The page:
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Scripting News, the weblog started in 1997 that bootstrapped the blogging revolution.

Coming soon: A Twitter camera Permanent link to this item in the archive.

I've been trying to find an easy way for my mom to manage her own digital camera, and have settled on getting her a netbook computer she can travel with. I'll set it up so it's easy for her to take the SD card from the camera and plug it into the netbook and upload her pictures to Flickr. It'll be pretty easy, but then I was just driving home from dinner and realized that someday, maybe very soon, it will be even easier.

Imagine a Twitter-branded camera. Here's how it would work.

It would have the inverse of Amazon's Whispernet. Where Amazon wants to push content to the remote device, the purpose of the Twitter camera would be to push the content, pictures -- to Twitter.

The user interface would be simple. Take a picture. It shows up in the little screen built into the camera. There would be a blue button with the Twitter bird on it. Click the button and the picture being displayed is uploaded and a pointer is tweeted on your behalf. One-click publication from anywhere a cell phone works.

Ultimately cameras will be able to communicate. Until today I didn't realize that they would be hard-wired into social networks. I'm sure they will.

Of course there will be a Facebook camera.

And if Yahoo had been paying attention there would have been a Flickr camera, two or three years ago.

A UStream or Qik HD camera would be good too. ;->

The key point is that the device and the online service will become inseparable and least for casual point-and-shoot people, like myself.

CloudPipe changes for today Permanent link to this item in the archive.

More work on CloudPipe. Yesterday's notes here.

Getting some feedback finally, though some of it has been bitter and condescending.

Please everybody. Be respectful of everyone, including yourself.

And remember: Tis the season to be jolly!

Peace on earth, goodwill to men. Ignore the grouchyness and try to find the substance. Even better if people self-edit and leave out the michegas.

Now on to the substance...

1. There is support for not normalizing the items, and that is still the plan. It's true, there's a lot of code out there that understands all the varieties of RSS and Atom. I've been saying that all along! ;->

The reason to do fatPing is to start a bootstrap that makes everything more efficient. In this, the leadership will come from the content systems and the aggregators.

2. I've made a change to the body of the fatPing element. Instead of including the XML elements inline, I encode the text and pass it as CDATA. This means that it will make it through XML parsers that care about namespaces being declared. An example, I was passing through an item from the TechCrunch feed (they support rssCloud, btw) and they have elements from the DC namespace. My packet doesn't declare this namespace, so the Firefox XML parser declares it invalid (they're right about that). I have to encode the text because they might include CDATA elements, and that would break the XML. Let's see if this works! ;->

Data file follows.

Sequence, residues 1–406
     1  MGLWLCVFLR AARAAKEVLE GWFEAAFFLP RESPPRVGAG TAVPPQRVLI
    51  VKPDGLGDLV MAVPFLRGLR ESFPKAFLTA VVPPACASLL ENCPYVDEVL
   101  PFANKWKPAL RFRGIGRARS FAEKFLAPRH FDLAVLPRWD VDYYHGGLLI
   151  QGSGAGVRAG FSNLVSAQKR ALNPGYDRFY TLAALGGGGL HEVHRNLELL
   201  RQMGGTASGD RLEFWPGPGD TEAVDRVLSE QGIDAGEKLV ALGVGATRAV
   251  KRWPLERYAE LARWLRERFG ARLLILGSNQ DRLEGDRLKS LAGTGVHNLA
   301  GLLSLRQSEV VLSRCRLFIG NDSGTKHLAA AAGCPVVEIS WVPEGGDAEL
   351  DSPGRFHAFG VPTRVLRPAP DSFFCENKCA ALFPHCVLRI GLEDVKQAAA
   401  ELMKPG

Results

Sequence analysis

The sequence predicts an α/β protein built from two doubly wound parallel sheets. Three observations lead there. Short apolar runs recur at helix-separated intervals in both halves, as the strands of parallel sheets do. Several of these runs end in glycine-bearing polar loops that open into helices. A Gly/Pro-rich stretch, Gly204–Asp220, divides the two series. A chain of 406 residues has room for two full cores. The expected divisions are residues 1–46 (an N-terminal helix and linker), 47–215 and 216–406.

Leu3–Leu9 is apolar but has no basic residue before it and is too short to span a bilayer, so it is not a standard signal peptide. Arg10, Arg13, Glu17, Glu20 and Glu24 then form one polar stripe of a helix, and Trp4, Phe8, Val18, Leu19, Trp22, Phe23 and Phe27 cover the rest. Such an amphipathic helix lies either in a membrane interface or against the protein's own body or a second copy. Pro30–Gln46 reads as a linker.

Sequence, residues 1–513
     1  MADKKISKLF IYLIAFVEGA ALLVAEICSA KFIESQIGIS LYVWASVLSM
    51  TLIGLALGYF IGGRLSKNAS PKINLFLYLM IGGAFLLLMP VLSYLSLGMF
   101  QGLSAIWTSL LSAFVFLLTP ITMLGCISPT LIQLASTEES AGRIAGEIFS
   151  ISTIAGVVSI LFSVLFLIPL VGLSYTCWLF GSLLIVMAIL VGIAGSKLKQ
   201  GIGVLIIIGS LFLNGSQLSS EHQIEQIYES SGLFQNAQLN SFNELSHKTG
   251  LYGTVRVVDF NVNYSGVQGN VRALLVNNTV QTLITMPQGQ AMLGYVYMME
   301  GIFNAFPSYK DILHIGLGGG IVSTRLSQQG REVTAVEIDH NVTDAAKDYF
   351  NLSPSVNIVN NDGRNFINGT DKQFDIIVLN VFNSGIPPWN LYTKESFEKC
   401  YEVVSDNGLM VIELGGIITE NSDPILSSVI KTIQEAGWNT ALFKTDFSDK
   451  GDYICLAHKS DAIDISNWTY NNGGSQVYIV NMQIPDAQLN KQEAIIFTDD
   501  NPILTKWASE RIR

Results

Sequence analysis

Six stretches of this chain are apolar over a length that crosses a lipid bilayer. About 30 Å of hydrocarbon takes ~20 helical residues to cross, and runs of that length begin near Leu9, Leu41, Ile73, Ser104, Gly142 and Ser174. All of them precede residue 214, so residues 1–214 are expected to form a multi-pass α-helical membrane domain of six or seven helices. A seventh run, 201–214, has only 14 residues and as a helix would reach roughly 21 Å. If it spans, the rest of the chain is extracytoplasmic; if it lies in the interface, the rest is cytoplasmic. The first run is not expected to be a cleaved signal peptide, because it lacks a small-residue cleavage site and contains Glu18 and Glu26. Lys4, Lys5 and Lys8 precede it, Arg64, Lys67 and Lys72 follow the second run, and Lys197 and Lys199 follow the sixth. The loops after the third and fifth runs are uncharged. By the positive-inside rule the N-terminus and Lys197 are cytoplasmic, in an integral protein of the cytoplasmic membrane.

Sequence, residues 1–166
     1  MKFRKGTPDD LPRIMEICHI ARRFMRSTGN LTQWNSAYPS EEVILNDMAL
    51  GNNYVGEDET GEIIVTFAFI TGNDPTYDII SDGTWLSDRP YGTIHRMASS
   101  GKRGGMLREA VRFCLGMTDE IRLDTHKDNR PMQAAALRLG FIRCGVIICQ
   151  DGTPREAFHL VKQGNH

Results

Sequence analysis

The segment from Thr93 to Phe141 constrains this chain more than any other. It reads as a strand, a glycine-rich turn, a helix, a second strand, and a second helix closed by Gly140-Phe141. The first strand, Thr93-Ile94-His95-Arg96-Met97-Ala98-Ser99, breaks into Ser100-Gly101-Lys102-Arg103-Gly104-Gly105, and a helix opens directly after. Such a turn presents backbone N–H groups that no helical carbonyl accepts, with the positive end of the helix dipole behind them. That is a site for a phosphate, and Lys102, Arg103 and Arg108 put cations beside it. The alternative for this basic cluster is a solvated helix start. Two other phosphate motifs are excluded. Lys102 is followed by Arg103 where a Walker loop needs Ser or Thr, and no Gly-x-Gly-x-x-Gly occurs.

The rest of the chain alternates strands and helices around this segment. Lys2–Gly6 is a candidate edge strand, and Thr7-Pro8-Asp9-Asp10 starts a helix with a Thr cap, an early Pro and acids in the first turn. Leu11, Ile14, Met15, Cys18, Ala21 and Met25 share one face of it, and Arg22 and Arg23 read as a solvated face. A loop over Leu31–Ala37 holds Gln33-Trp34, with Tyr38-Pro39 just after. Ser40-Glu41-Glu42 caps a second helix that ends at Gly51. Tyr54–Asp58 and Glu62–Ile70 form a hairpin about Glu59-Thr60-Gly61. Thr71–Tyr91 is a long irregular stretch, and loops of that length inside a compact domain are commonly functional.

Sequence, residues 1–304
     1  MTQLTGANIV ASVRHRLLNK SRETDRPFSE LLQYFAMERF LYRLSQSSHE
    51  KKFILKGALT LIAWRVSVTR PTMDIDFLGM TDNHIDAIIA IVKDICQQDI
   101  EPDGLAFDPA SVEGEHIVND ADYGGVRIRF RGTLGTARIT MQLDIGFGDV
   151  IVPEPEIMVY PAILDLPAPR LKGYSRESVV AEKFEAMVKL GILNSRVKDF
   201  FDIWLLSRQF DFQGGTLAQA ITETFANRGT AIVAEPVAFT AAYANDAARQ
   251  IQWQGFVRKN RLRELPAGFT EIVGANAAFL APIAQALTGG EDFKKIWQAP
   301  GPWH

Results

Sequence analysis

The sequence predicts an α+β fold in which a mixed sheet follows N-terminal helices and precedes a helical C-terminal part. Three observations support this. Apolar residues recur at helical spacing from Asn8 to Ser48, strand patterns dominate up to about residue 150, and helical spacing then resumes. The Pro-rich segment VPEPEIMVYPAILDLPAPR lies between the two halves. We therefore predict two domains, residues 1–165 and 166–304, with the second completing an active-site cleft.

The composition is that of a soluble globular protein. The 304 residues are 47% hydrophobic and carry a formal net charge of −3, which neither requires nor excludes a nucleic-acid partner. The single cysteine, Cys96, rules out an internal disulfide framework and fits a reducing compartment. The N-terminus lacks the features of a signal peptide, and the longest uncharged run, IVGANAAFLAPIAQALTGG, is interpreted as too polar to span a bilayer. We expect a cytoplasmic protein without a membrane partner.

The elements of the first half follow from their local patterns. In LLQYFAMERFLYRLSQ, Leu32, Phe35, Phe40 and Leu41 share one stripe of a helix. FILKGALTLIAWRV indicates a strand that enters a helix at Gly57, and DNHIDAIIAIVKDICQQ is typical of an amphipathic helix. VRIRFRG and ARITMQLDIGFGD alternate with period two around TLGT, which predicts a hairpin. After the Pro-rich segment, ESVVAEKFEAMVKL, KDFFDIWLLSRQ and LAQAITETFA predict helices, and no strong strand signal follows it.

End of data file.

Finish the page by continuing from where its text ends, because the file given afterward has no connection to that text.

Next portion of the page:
3. The point has been raised that there is no "standard" way to include a <cloud> element in Atom feeds. As I said in the comments, I will not be the person to dictate that, or suggest a way to do it, even mildly. I've learned that Atom is a 300-degree stove. When I touch it I get burned. However, I am the author of an aggregator that consumes Atom feeds. If you are the author of software that creates Atom feeds, you could (just saying hypothtetically) create a namespace that contains the <cloud> element in it, as spec'd by RSS 2.0, and include it in your feed. If you told me about it, I could implement support for it in River2. That way we keep it all among implementors. There can be no doubt that you have the right to do that, and I have the right to support it. If anyone wants to get grouchy and irritable, let em! ;->

4. To notify the CloudPipe server what feeds you want realtime notification on, send a POST to the same endpoint you call for the long poll (instead of a GET). The body of the POST is the OPML text for the feeds you want to follow. The server returns immediately while it processes the request.

5. The biggest development of the day is the draft spec is now ready for review. Please read the "Document Status" section carefully and believe what it says.


Last update: Sunday, December 27, 2009 at 10:08 PM Pacific.

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~About the Author~

A picture named dave.jpgDave Winer, 54, pioneered the development of weblogs, syndication (RSS), podcasting, outlining, and web content management software; former contributing editor at Wired Magazine, research fellow at Harvard Law School, entrepreneur, and investor in web media companies. A native New Yorker, he received a Master's in Computer Science from the University of Wisconsin, a Bachelor's in Mathematics from Tulane University and currently lives in Berkeley, California.

"The protoblogger." - NY Times.

"The father of modern-day content distribution." - PC World.

One of BusinessWeek's 25 Most Influential People on the Web.

"Helped popularize blogging, podcasting and RSS." - Time.

"The father of blogging and RSS." - BBC.

"RSS was born in 1997 out of the confluence of Dave Winer's 'Really Simple Syndication' technology, used to push out blog updates, and Netscape's 'Rich Site Summary', which allowed users to create custom Netscape home pages with regularly updated data flows." - Tim O'Reilly.

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